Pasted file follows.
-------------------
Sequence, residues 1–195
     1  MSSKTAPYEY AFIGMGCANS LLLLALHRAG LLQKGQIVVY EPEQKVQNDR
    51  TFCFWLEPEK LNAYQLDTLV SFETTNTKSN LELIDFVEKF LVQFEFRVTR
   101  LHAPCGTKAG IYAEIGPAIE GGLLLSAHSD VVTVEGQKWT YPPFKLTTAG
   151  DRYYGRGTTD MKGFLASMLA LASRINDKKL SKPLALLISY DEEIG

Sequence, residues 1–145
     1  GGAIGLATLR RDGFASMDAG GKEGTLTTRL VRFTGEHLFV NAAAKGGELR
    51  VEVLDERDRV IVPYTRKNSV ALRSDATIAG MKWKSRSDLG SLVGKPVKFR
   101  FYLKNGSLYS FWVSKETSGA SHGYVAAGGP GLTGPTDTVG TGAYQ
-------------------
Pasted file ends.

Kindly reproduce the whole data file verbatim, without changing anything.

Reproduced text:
Sequence, residues 1–195
     1  MSSKTAPYEY AFIGMGCANS LLLLALHRAG LLQKGQIVVY EPEQKVQNDR
    51  TFCFWLEPEK LNAYQLDTLV SFETTNTKSN LELIDFVEKF LVQFEFRVTR
   101  LHAPCGTKAG IYAEIGPAIE GGLLLSAHSD VVTVEGQKWT YPPFKLTTAG
   151  DRYYGRGTTD MKGFLASMLA LASRINDKKL SKPLALLISY DEEIG

Sequence, residues 1–145
     1  GGAIGLATLR RDGFASMDAG GKEGTLTTRL VRFTGEHLFV NAAAKGGELR
    51  VEVLDERDRV IVPYTRKNSV ALRSDATIAG MKWKSRSDLG SLVGKPVKFR
   101  FYLKNGSLYS FWVSKETSGA SHGYVAAGGP GLTGPTDTVG TGAYQ